Hunter (village), New York

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Hunter, New York
Village
Hunter Synagogue
Hunter Synagogue
Hunter, New York is located in New York
Hunter, New York
Hunter, New York
Location within the state of New York
Coordinates: 42°12′31″N 74°12′50″W / 42.20861°N 74.21389°W / 42.20861; -74.21389Coordinates: 42°12′31″N 74°12′50″W / 42.20861°N 74.21389°W / 42.20861; -74.21389
Country United States
State New York
County Greene
Area
 • Total 1.7 sq mi (4.3 km2)
 • Land 1.6 sq mi (4.2 km2)
 • Water 0.0 sq mi (0.1 km2)
Elevation 1,588 ft (484 m)
Population (2010)
 • Total 502
Time zone Eastern (EST) (UTC-5)
 • Summer (DST) EDT (UTC-4)
ZIP code 12442
Area code(s) 518
FIPS code 36-36167
GNIS feature ID 0953467

Hunter is a village in Greene County, New York, USA. The population was 502 at the 2010 census.

The Village of Hunter is in the northwest part of the Town of Hunter on Route 23A.

History[edit]

The community was initially called "Edwardsville" after William Edwards, who founded the village by building a tannery there. The village was incorporated in 1896.

Geography[edit]

Hunter is located at 42°12′30″N 74°12′50″W / 42.20833°N 74.21389°W / 42.20833; -74.21389 (42.208549, -74.21398).[1]

According to the United States Census Bureau, the village has a total area of 1.6 square miles (4.3 km²), of which, 1.6 square miles (4.2 km²) of it is land and 0.04 square miles (0.1 km²) of it (1.82%) is water.

It is in Greene County in the 20th Congressional district of New York.

Demographics[edit]

As of the census[2] of 2000, there were 490 people, 238 households, and 123 families residing in the village. The population density was 303.0 people per square mile (116.8/km²). There were 639 housing units at an average density of 395.1 per square mile (152.3/km²). The racial makeup of the village was 98.37% White, 0.41% Black or African American, 0.20% Asian, 0.41% from other races, and 0.61% from two or more races. Hispanic or Latino of any race were 2.04% of the population.

There were 238 households out of which 23.9% had children under the age of 18 living with them, 37.4% were married couples living together, 9.7% had a female householder with no husband present, and 48.3% were non-families. 44.1% of all households were made up of individuals and 14.7% had someone living alone who was 65 years of age or older. The average household size was 2.06 and the average family size was 2.87.

In the village the population was spread out with 23.3% under the age of 18, 3.7% from 18 to 24, 25.1% from 25 to 44, 31.2% from 45 to 64, and 16.7% who were 65 years of age or older. The median age was 44 years. For every 100 females there were 104.2 males. For every 100 females age 18 and over, there were 103.2 males.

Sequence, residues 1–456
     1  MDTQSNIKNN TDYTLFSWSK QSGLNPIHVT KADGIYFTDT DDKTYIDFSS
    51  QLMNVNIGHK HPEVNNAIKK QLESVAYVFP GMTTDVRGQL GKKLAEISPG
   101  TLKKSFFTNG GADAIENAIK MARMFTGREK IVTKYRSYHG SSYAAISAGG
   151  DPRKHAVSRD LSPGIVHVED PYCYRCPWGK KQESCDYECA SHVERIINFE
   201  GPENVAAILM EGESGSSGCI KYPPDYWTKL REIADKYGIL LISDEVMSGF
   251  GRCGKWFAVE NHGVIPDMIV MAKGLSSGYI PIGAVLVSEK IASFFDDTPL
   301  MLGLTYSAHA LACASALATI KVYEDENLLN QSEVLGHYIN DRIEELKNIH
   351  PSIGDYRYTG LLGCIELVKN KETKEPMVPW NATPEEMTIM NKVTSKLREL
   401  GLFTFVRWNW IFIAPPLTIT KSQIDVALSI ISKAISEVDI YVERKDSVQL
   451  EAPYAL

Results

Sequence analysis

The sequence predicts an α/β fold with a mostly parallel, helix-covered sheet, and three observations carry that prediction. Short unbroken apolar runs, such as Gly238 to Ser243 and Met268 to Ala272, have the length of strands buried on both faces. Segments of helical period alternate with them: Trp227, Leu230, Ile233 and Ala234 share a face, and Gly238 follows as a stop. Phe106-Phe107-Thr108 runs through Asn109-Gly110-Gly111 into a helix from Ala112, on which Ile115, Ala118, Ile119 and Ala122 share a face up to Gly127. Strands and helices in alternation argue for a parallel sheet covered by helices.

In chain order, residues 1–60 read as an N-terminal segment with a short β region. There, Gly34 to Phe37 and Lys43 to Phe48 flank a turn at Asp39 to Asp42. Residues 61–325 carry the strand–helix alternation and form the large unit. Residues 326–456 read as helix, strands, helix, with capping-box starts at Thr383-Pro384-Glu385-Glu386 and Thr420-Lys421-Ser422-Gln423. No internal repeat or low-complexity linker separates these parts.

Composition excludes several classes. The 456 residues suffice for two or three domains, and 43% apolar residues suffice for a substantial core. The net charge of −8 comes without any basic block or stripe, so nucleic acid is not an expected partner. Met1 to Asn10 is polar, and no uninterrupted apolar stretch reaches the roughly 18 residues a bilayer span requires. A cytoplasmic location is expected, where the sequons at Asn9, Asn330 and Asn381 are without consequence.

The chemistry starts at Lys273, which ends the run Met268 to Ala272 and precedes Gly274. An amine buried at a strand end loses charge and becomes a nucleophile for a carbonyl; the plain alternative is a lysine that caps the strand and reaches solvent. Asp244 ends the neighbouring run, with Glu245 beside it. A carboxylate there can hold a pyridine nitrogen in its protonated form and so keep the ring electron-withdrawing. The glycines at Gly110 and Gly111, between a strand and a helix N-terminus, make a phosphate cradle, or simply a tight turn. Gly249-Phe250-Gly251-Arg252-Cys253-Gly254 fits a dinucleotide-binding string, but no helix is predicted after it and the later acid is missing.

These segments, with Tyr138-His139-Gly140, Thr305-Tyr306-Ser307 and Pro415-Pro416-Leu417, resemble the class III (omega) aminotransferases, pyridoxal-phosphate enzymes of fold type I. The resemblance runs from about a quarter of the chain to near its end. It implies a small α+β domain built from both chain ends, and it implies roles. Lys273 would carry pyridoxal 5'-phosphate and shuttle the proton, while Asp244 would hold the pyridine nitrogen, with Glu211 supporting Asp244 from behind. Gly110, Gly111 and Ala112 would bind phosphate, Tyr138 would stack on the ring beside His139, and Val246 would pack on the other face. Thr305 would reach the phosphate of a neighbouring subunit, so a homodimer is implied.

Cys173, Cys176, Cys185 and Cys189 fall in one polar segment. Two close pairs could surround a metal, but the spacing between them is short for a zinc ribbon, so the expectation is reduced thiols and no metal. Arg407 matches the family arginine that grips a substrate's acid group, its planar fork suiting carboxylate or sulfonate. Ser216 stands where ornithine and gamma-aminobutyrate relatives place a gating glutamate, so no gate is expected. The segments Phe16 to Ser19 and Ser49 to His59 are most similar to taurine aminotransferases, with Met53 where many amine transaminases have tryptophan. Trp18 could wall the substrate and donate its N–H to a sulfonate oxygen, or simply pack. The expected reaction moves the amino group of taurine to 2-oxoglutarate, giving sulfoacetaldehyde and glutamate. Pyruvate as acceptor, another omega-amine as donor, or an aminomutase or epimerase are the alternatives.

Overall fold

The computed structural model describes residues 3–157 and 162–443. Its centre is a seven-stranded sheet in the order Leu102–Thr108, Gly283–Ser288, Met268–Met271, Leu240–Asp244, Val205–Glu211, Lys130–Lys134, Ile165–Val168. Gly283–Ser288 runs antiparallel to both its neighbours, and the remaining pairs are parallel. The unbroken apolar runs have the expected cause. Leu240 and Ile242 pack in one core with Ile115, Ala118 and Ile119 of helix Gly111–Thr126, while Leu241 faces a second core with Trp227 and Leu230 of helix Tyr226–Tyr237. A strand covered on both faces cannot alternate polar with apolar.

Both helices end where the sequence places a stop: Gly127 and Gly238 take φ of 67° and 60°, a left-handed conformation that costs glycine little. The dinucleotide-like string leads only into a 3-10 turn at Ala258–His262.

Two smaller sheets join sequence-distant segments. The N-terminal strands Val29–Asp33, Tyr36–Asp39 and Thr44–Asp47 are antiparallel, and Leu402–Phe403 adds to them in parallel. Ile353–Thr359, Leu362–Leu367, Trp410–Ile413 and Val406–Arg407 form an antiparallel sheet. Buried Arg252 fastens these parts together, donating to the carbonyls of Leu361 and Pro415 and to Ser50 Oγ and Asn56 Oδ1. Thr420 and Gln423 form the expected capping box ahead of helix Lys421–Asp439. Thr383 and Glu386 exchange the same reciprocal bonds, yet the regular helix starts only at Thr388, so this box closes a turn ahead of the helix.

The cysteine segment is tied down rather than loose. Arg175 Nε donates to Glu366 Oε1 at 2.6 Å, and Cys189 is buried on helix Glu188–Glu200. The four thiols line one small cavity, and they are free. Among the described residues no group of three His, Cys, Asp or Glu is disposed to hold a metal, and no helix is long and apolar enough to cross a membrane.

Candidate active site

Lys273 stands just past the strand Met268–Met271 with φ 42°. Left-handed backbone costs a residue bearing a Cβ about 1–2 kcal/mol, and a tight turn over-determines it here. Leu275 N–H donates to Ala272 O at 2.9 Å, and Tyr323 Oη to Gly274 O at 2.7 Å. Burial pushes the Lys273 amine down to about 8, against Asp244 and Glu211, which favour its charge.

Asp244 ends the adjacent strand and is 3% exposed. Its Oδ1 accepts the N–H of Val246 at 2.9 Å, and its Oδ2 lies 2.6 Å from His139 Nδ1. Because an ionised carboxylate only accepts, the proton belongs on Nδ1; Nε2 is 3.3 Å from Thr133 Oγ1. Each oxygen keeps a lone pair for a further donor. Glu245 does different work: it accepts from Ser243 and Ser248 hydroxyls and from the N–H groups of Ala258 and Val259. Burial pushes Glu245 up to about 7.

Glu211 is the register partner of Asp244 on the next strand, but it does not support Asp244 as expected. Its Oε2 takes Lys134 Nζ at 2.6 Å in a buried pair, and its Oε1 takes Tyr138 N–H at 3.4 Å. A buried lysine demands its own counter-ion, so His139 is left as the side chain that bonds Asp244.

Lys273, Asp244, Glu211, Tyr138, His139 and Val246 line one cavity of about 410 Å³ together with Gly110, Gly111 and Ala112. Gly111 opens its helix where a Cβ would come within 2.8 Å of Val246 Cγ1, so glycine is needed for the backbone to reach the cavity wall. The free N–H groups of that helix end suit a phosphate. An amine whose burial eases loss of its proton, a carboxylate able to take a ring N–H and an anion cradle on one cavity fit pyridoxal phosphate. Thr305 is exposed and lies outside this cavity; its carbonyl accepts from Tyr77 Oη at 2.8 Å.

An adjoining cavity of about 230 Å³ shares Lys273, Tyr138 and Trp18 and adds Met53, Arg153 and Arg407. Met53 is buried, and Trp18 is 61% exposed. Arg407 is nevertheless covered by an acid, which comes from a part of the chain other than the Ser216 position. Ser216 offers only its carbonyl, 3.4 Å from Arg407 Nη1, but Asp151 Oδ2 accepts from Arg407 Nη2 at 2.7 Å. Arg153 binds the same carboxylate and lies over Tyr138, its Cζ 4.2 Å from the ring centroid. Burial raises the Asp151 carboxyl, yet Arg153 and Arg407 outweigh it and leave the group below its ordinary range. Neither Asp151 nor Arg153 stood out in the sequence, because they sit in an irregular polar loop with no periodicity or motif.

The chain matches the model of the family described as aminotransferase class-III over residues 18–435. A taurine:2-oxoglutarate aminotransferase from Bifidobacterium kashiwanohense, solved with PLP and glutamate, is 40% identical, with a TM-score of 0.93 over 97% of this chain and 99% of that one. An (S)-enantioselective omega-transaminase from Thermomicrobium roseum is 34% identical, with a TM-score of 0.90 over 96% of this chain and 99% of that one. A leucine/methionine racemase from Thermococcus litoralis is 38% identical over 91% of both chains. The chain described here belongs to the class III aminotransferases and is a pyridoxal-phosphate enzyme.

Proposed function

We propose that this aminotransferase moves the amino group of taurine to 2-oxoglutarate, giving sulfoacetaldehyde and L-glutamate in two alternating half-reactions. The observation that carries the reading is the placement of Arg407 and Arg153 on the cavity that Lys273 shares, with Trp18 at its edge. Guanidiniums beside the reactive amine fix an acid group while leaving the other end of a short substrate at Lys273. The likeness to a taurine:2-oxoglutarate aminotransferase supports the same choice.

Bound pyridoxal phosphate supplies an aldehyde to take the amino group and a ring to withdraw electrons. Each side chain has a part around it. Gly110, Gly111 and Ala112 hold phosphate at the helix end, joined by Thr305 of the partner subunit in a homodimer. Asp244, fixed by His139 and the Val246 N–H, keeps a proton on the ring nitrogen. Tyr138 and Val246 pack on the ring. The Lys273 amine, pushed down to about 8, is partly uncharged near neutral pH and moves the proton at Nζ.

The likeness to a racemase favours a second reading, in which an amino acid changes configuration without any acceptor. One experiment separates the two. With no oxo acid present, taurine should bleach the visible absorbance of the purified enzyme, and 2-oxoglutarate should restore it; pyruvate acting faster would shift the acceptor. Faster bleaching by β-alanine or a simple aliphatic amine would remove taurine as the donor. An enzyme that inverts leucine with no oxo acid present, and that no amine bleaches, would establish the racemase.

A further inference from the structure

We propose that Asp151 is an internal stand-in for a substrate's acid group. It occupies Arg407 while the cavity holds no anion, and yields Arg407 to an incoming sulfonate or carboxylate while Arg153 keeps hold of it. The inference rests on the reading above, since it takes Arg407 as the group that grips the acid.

The median income for a household in the village was $32,500, and the median income for a family was $48,500. Males had a median income of $35,625 versus $22,188 for females. The per capita income for the village was $20,100. About 9.4% of families and 15.5% of the population were below the poverty line, including 22.4% of those under age 18 and 10.8% of those age 65 or over.

Points of interest[edit]

  • For over 40 years, the village of Hunter has been home to a summer camp going by the name of Camp Loyaltown.[3] The camp specializes in caring for individuals with intellectual and other developmental disabilities, including autism, emotional and behavioral disorders, cerebral palsy and Down syndrome. Every year, more than 650 campers/guests come to Camp Loyaltown to enjoy the scenic locale and traditional summer camp activities. The camp attracts staff (counselors, admin personnel etc.) from all over the world, who become a major presence and contributor to the village's economy each summer.
  • Hunter Mountain is the highest peak in the county and the second highest in the Catskills. The mountain is the site of Hunter Mountain (ski area) which is open for skiing and tubing in the winter and biking, sightseeing and hiking in the summer. The ski resort is the largest employer in the village, which is run by the Slutzky family in the heart of Hunter. The seasonal nature of the mountain regulates the economic activity of the town.

References[edit]

  1. ^ "US Gazetteer files: 2010, 2000, and 1990". United States Census Bureau. 2011-02-12. Retrieved 2011-04-23. 
  2. ^ "American FactFinder". United States Census Bureau. Retrieved 2008-01-31. 
  3. ^ Official website of Camp Loyaltown

External links[edit]